Middle Housing includes a range of house-sized choices with multiple units between single-family homes and larger apartment buildings. It fits the height and form of homes and neighborhoods.
You will find Middle Housing types, such as duplexes and walking courts, built throughout Louisville’s older neighborhoods. Zoning laws in Louisville-Jefferson County would eventually lead to the end of Middle Housing construction and support the post-WWII building and isolation of single-family detached homes and their populations. Re-legalizing Middle Housing will expand attainable housing across Louisville Metro and execute the goals of Plan 2040 by increasing housing choices and opportunities in new and existing neighborhoods.
View examples of the different types of middle housing and how they might be placed in a neighborhood here:
Frequently Asked Questions (FAQs)
- What are the benefits of Middle Housing
Please click the button below for a detailed description of the benefits:
- What are the barriers?
The dominance of single-family zoning isn’t the only obstacle to Middle Housing.
Please click the button below to learn more about the barriers:
- What residential zoning districts allow Middle Housing?
- Middle Housing is not permitted in the residential, single-family districts, including R-R, R-E, & R-1 – R-5. Single-family zoning districts occupy 75% of the land in Louisville-Jefferson County, KY.
- Duplexes are permitted in the R-5B, Residential, two-family district
Middle Housing could potentially be developed in the R-5A, R-6, R-7 and R-8A residential, multi-family districts. However, developing new Middle Housing in these districts is limited and restricted by the maximum density, lot size, and other requirements of the LDC, such as private yard areas or the width of landscape buffers.
The map below demonstrates that the majority of land in Louisville Metro is zoned for single-family residential use only (yellow areas).
- How do I find Middle Housing?
- Look for more than one residence attached, included in a building, or arranged around a common yard space
- If it is not clear, look for extra doors, more than one meter, or addresses
Upcoming Outreach and Engagement
Please view our Upcoming Outreach and Engagement page for all events, meetings, or activities related to Middle Housing:
Completed Outreach and Engagement
- Planning for Middle Housing Workshop (Fall 2022)
Four community workshops were hosted in the Fall of 2022 at different branches of the Louisville Free Public Library. Two additional workshops were then offered to the University of Louisville's Master of Urban Planning students and The Muhammad Ali Scholar Program scholars. Participants at these events worked together in small groups to build their own middle housing neighborhood using LEGO bricks. The bricks represented different types of housing, such as single-family detached, duplexes, or multi-unit buildings. A park, bus stop, and neighborhood services were also included in each neighborhood.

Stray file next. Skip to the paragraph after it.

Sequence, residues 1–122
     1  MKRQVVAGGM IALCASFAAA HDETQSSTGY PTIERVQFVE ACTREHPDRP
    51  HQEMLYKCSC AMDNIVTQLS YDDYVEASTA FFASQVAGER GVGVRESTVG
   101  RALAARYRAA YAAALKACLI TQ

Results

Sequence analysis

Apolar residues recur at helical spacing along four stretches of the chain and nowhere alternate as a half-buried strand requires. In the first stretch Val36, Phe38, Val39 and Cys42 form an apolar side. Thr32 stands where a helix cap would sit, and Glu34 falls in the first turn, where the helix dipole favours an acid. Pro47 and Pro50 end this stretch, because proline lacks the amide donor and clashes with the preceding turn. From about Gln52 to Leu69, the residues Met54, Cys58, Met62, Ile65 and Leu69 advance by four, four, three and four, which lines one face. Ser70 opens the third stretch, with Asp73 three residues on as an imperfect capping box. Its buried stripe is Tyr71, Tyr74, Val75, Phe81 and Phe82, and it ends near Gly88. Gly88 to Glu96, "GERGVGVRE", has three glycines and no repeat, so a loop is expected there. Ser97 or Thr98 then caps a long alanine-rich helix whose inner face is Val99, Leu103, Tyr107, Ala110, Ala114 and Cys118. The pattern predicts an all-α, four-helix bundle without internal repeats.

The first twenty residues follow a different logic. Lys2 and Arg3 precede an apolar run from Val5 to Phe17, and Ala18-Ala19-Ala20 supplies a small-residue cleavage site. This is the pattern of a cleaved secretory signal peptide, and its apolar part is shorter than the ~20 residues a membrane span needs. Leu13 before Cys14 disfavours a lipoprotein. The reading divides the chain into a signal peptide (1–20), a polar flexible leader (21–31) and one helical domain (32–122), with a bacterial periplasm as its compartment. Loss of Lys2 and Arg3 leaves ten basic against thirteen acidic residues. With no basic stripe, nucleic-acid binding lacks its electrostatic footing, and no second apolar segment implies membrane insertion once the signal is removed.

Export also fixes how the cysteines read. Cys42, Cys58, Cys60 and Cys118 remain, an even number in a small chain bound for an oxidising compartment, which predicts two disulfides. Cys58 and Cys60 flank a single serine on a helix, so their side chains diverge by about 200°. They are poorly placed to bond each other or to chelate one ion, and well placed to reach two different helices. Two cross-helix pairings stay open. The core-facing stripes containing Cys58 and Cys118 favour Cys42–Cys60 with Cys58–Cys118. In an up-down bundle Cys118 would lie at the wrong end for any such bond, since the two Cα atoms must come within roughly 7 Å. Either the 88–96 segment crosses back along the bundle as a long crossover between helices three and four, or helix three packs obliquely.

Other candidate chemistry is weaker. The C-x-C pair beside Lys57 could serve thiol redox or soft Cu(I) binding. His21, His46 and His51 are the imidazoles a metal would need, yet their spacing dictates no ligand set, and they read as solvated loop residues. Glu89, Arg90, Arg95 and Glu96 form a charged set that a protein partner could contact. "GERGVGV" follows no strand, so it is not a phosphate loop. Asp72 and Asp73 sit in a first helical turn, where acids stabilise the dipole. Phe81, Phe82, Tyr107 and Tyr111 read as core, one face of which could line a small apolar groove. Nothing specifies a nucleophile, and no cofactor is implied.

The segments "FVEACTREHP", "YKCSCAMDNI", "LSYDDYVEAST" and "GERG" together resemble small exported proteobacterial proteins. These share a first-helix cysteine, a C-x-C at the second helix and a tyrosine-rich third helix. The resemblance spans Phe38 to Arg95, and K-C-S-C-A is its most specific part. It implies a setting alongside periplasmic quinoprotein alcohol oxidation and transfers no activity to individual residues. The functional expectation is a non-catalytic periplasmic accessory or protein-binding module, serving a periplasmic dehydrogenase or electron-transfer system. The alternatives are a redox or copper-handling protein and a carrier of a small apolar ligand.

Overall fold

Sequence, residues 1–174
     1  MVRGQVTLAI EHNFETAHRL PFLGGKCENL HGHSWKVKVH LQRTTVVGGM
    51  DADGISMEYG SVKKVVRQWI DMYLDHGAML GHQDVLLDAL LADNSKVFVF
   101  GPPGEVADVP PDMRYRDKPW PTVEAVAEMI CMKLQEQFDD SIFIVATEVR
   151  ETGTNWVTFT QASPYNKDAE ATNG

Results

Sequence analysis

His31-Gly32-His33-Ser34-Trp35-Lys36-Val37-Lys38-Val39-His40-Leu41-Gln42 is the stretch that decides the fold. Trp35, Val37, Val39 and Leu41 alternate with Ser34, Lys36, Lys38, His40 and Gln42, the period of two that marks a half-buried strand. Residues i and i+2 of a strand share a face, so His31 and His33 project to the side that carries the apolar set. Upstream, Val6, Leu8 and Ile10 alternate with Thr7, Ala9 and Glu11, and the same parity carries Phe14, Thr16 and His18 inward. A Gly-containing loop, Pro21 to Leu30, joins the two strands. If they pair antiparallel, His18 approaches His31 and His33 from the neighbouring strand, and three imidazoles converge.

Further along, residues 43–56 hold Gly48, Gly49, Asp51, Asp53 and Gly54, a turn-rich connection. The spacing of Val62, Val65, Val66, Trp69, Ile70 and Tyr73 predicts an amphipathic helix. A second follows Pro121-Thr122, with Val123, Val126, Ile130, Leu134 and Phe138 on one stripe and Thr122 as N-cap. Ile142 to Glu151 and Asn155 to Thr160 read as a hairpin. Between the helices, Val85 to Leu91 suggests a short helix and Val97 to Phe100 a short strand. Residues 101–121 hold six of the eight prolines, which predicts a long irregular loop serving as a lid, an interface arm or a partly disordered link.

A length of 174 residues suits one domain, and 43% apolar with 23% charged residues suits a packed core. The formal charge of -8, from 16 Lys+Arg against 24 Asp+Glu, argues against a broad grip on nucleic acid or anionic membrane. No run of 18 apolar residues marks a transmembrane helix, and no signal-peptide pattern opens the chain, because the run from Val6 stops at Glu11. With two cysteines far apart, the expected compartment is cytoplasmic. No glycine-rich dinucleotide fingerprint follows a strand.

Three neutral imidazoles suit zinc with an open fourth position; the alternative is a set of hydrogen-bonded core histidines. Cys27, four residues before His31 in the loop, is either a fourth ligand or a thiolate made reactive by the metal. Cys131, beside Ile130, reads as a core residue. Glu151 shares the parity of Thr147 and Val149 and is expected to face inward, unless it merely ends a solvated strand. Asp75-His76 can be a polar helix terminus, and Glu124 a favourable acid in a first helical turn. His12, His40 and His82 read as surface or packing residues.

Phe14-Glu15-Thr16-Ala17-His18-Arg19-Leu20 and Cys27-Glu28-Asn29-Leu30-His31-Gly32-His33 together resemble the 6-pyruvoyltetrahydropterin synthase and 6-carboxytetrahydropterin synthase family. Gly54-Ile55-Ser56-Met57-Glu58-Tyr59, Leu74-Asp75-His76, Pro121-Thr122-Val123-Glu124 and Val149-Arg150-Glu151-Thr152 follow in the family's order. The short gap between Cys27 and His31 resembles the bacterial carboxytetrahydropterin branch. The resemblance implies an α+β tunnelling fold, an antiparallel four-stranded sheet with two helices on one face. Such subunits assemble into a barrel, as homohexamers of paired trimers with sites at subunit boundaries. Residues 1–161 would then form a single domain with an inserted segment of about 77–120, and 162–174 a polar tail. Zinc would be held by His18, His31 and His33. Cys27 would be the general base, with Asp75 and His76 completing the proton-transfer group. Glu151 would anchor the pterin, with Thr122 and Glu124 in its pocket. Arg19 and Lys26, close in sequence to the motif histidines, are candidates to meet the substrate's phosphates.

Pictures and observations of each Middle Housing neighborhood built are available here:
- Walking Tour in Old Louisville - AARP (Fall 2022)
Planning and Design Services led a tour of Middle Housing for AARP - Livable Communities in Old Louisville on September 21, 2022.
- Middle Housing Information Session (Winter 2021)
On December 15, 2021, a virtual information session was held for public that took a deep dive into the concepts of Middle Housing, known most commonly as Missing Middle Housing. Planning and Design Services partnered with AARP to make this event possible. Drew Finke of Opticos Design presented on the topic and a Q&A followed.
To view the presentation and summary of the event, including the Q&A, please use the buttons below:
Process for Changes to the Land Development Code (text amendment)
A public hearing by the Louisville Metro Planning Commission is required prior to any change to the Land Development Code, known as a text amendment. Public Hearings are open to the public for commenting on a proposal. After the Planning Commission reviews the proposed change, they will make a recommendation to the Louisville Metro Council for final action (approval/denial with/without revision). For an amendment to take effect in some suburban cities within Jefferson County that have exercised their right to zoning authority under state law, the respective legislative body must approve a local ordinances enacting the amendment. Following the Planning Commission's review, a recommendation is also made to these legislative bodies having jurisdiction.